Helianthus @ 9. Thank you for the response. I’d think that there is a point between the naturalistic fallacy and recognising the legitimate concerns about the cascade of intervention (and perhaps doctors excessive risk adversity contributing to this?) in childbirth. An expectant mother’s birth experience is not irrelevant also, and without understanding any specific point of problematic woo Orac referred to, his brief complaint read (and kind of still reads) as deriding efforts focused on that experience (even if within a medical setting).

  24. #24 Orac
    September 23, 2014

    However, I must point out that it is VERY misleading to lump natural childbirth in with VAX/autism and metabolic panel science.

    No. It isn’t. Not really, and especially not when homeopathy is mentioned in the same paragraph.

  25. #25 AnonRD
    California
    September 23, 2014

    As a healthcare provider with a chronic, idiopathic, and often disabling disease who has seen some of the top specialists in the country, I can attest to the frustration patients feel in the current healthcare system. I’ve spent thousands of dollars and untold hours of time trying to find something more than a band aid for my symptoms which seems to be all conventional medicine has for many of us right now. I support EBM and only practice evidenced-based nutrition on my own patients. I totally get it. But the “experts” I’ve had the privledge to see have spent no more than 10-15 minutes of their time to tell me the same thing: we don’t know, deal with it. I hear from my friends who pursue treatment through alternative providers that they spend up to an hour with the “doctor”, who then heaps on a lot compassion and willingness to explore “alternatives”. So I get why the public is demanding this type of “medicine”. They are tired of being treated like ignorant cattle. My husband and I are both highly educated in scientific fields, yet no doctor I’ve met has been willing to engage in anything more than lay-speak about what “might” be the underlying cause of my disease and symptoms. I attribute this to the fact that they are forced to see way too many patients and have no time to stop and get to know or engage their patients in any kind of meaningful discourse. Until this changes, patient will continue to run to alternative provideres who will. Apparently big centers are realizing this and want a piece of that pie.

  26. #26 Angel
    Cleveland
    September 23, 2014

    As a long-time CCF user, I canned my doctor when she transferred to the wooey “Wellness Dept” and changed to a regular, plain-old primary care doctor who is not interested in the woo in the slightest. She is a no-nonsense, “diet/exercise/get your flu shot” kind of Dr. I tend to think that the majority of Drs. there are like this.

  27. #27 Sarah A
    September 23, 2014

    Not that this is news to the people who post here regularly, but doing what “feels” safe for your family is one of the worst ideas I’ve heard in a long time. It’s well established that humans suck at calculating risk – even pigeons do it better than we do! Delaying or forgoing vaccines because it “feels” safer would be like driving your family across America instead of taking a plane because driving “feels” safer, even though you’re much more likely to be killed in an auto accident than a plane crash.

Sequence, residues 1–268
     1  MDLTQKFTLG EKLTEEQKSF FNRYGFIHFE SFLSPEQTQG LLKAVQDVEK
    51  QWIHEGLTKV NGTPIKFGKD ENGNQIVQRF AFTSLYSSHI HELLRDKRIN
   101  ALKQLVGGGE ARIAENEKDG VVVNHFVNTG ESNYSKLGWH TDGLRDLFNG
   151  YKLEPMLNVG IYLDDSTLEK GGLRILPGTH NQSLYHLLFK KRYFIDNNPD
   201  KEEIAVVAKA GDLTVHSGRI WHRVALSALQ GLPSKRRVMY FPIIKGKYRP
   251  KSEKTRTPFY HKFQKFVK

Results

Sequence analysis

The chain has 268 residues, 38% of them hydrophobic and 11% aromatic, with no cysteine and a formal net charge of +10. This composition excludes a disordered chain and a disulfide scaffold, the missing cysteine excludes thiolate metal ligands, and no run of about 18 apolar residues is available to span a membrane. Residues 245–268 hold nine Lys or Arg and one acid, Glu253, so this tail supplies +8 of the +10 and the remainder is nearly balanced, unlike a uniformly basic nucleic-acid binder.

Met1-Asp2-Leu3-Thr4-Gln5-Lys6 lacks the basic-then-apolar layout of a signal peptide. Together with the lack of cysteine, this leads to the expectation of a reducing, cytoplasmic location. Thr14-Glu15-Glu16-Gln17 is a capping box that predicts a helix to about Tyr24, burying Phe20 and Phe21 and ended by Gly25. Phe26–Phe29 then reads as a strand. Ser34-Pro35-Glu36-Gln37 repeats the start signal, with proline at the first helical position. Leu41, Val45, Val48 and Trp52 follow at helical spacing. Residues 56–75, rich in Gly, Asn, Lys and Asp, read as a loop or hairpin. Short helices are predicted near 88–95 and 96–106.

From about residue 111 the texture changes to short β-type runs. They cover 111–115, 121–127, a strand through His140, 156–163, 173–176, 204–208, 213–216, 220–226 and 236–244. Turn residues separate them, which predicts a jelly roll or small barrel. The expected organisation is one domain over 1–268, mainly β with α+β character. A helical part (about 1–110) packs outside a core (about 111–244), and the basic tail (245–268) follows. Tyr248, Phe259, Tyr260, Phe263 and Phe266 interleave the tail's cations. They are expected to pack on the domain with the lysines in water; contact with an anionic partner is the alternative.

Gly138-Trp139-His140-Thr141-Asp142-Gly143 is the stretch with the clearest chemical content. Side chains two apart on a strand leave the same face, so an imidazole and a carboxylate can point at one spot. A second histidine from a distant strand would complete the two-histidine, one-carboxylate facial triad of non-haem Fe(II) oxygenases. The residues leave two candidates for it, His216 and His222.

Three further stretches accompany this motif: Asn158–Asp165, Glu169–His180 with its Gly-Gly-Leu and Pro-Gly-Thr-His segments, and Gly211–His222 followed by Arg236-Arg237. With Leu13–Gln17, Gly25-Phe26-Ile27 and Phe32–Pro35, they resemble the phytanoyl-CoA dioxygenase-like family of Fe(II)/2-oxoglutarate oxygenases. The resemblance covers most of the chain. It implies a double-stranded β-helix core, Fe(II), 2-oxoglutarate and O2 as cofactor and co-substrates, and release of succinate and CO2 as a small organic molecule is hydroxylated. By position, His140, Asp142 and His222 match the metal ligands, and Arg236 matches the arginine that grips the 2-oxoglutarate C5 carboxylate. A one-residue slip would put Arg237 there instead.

28. #28 Sarah A
    September 23, 2014

    Not that this is news to the people who post here regularly, but doing what “feels” safe for your family is one of the worst ideas I’ve heard in a long time. It’s well established that humans suck at calculating risk – even pigeons do it better than we do! Delaying or forgoing vaccines because it “feels” safer would be like driving your family across America instead of taking a plane because driving “feels” safer, even though you’re much more likely to be killed in an auto accident than a plane crash.

  29. #29 Sarah A
    September 23, 2014

    Argh – repeat comment <i<and tag-closing fail! The link still works if you click the phrase “even pigeons do it better than we do.”

  30. #30 rs
    September 23, 2014

    “…humans suck at calculating risk – even pigeons do it better than we do!”

    Piazza San Marco in Venice is often carpeted with pigeons. While there (as a tourist) I was horrified to see a couple of young children standing amidst the pigeons and repeatedly trying to stomp them.

    Somehow as each foot came down there was bare pavement, not birds. Always. Without seeming to even try they always moved out from under the foot as it descended. It was fascinating to watch. At least once I realized the kids weren’t really trying to kill them.

    I think, perhaps, if they were woo-believers rather than pigeons they’d get stomped. Every time.

  31. #31 Militant Agnostic
    September 23, 2014

    JGC @21

    You might want to check the connections on your sarcasm meter.

  32. #32 Krebiozen
    September 23, 2014

    Quackademic medicine is a weird phenomenon, isn’t it? It doesn’t happen in other professions – the media don’t give Dara O’Briain’s “Barry who believes the sky is a carpet painted by God” (it never gets stale) the same credence as professional astronomers, and Barry certainly isn’t given an office in the astrophysics department of the local university.

  33. #33 herr doktor bimler
    September 23, 2014

    Please provide evidence that instrumentsyou claim exist (such as at the website you provided a link to) are actually detecting, imaging, and capable of measuring ‘qi’, and that they allow the accurate diagnosis of qi ‘congestion’.

    I suspect that people are missing Mark Thorson’s irony.

  34. #34 Denice Walter
    September 23, 2014

    Unfortunately, the rise of Quackacademia is often paraded about in woo-ville as evidence that we are indeed in the midst of the Great Paradigm-Shift ™ which they’ve been predicting these many years.

    An idiotic woo-meister can say, ” See here: even those in the most admired bastions of SBM are coming over to OUR side!”**
    and anti-vaxxers can yelp that ” The tide is turning against standard practitioners”.

    ** for some reason,I wanted to write that in LOLspeak. Am I tired or just uncannily perceptive?